Elizabeth (Charlotte neighborhood)
This article needs additional citations for verification. (June 2007)
Elizabeth takes its name from Elizabeth College, a small Lutheran women's college founded in 1897 on the present-day site of Presbyterian Hospital. Elizabeth began to develop rapidly after 1902, when a trolley line was completed, and was annexed in 1907. Home of Independence Park, the first public park in the city, Elizabeth became one of the most fashionable residential areas in Charlotte in its early days. In 2006 Elizabeth had a population of 3,908.
|• Total||1.384 sq mi (3.585 km2)|
|according to City-Data.com|
Elizabeth Historic District
|Location||Roughly bounded by Central Ave., Seaboard Coast Line Railroad, E. 5th St., Kenmore Ave., Park Dr., and E. Independence, Charlotte, North Carolina|
|Area||265 acres (107 ha)|
|Architectural style||Colonial Revival, Bungalow/Craftsman, Tudor Revival|
|NRHP reference No.||88003003|
|Added to NRHP||January 3, 1989|
Because much of the neighborhood was developed in the early 20th century, Elizabeth's trees have had time to mature. They now form a canopy over most of Elizabeth's residential streets. In addition, Elizabeth is more pedestrian-friendly than most Charlotte neighborhoods, businesses and residences are in close proximity, and most roads have sidewalks. The Walk Score of Elizabeth is 72, one of the highest in Charlotte (average Walk Score of 34).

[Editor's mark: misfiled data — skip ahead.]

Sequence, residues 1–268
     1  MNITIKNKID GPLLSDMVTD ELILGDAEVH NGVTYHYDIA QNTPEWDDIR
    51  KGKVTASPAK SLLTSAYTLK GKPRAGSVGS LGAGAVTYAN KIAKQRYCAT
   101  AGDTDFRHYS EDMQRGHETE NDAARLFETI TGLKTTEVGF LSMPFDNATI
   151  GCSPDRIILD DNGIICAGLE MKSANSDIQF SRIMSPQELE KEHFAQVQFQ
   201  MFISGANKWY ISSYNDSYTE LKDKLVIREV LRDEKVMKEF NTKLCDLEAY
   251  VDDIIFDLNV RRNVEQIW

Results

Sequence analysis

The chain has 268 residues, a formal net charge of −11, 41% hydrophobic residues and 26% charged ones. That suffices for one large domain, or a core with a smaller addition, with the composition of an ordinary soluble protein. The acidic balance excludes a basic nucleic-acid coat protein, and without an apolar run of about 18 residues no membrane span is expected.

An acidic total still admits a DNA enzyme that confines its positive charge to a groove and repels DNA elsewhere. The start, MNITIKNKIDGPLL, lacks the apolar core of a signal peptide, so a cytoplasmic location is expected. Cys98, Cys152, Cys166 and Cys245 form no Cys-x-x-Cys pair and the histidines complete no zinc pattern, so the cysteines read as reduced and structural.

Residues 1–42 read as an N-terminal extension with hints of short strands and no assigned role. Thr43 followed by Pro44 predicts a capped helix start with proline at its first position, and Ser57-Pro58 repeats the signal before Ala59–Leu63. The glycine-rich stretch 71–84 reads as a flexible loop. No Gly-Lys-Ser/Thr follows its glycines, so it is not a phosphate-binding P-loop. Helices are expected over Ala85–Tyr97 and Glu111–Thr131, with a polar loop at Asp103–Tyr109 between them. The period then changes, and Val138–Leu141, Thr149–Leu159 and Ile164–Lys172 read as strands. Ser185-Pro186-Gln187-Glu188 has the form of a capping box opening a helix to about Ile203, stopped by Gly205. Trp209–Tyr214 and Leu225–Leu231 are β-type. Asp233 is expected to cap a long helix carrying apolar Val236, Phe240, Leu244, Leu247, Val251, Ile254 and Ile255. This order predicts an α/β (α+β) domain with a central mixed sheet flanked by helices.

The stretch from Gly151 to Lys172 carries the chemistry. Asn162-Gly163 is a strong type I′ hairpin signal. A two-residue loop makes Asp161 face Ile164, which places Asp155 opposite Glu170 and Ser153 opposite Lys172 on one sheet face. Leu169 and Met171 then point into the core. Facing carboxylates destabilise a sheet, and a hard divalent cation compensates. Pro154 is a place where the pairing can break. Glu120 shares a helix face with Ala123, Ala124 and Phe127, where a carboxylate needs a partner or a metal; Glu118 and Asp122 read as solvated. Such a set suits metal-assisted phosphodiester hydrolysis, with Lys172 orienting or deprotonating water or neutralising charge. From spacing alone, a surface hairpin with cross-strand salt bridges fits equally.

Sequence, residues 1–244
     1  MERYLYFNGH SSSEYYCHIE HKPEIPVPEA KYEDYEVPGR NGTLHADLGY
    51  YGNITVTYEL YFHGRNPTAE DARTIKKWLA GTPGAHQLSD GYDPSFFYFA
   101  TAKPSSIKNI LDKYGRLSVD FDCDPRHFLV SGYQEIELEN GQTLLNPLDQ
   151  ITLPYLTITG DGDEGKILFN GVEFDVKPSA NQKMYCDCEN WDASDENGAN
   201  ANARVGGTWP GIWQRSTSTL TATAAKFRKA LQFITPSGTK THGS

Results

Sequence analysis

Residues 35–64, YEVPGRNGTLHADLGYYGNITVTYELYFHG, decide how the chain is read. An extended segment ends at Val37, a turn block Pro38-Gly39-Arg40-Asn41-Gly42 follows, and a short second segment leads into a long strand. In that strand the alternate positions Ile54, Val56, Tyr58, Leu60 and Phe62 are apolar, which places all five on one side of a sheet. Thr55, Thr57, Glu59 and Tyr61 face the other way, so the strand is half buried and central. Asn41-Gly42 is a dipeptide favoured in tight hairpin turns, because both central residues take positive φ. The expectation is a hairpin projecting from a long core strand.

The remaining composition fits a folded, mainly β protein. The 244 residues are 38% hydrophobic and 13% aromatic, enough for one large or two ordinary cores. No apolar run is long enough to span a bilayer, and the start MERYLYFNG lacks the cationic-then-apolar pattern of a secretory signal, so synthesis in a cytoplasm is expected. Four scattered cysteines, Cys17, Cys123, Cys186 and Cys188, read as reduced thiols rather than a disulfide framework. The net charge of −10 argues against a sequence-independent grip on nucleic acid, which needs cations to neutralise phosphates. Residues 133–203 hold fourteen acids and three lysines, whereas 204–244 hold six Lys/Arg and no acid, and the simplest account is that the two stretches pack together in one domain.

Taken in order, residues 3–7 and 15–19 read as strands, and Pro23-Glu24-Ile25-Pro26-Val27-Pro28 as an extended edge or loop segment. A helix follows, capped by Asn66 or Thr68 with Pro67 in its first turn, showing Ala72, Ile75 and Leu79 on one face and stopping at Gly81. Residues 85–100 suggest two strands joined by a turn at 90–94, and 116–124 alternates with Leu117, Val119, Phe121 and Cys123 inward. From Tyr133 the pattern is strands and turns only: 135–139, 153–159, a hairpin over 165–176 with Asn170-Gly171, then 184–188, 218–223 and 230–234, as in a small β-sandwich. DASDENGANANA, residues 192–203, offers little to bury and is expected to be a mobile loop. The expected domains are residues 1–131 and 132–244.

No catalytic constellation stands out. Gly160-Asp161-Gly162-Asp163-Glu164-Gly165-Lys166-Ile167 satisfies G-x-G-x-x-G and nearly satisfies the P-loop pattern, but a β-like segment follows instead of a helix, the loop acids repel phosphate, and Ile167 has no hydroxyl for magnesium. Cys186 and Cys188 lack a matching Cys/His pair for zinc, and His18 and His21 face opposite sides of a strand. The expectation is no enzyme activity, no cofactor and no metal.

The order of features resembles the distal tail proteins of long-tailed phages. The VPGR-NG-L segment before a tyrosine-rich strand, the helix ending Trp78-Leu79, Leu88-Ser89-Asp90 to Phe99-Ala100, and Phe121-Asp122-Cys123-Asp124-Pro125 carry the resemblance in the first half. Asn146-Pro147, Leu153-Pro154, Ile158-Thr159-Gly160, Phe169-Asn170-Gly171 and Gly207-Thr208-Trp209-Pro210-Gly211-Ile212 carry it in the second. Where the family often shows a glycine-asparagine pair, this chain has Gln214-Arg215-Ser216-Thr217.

The current boundaries of the Elizabeth neighborhood are, roughly, Randolph Road/4th Street to the Southwest; Independence Boulevard to the West and North; and a creek to the East. Major avenues include Elizabeth Avenue and 7th Street.
A substantial portion of the neighborhood is listed on the National Register of Historic Places as the Elizabeth Historic District. The district encompasses 887 contributing buildings, 1 contributing site, 4 contributing structures, and 1 contributing object. The district was listed in 1989. Notable buildings include the William Henry Belk House, James L. Staten House, Hawthorne Lane United Methodist Church, St.John's Baptist Church, the W. Reynolds Cuthbertson House, the handsome shingled houses of John B. Alexander and his nephew Walter L. Alexander, the Jennie Alexander Duplex, Caldwell Memorial Presbyterian Church, and the Rutzler Apartments.
Elizabeth contains two major hospitals (Presbyterian Hospital and Mercy Hospital), and a number of medical offices line Randolph Road. Along 7th Street there are numerous old houses that have been converted into shops, offices, and restaurants. At the western end of the neighborhood lie Independence Park and American Legion Memorial Stadium. A development project is underway to revitalize Elizabeth Avenue.
The Elizabeth neighborhood sponsors an annual Elizabeth Recycles Day, which was most recently held on May 11, 2013 in Independence Park. Neighbors collect household hazardous waste for recycling and/or appropriate disposal.
- "National Register Information System". National Register of Historic Places. National Park Service. March 13, 2009.
- THE ELIZABETH NEIGHBORHOOD: Change and Continuity in Charlotte's Second Streetcar Suburb
- "Charlotte Neighborhood Profiles: Elizabeth". Archived from the original on 2005-03-18. Retrieved 2008-05-13.
- Allison Harris Black (June 1988). "Elizabeth Historic District" (pdf). National Register of Historic Places - Nomination and Inventory. North Carolina State Historic Preservation Office. Retrieved 2015-02-01.
- Elizabeth travel guide from Wikivoyage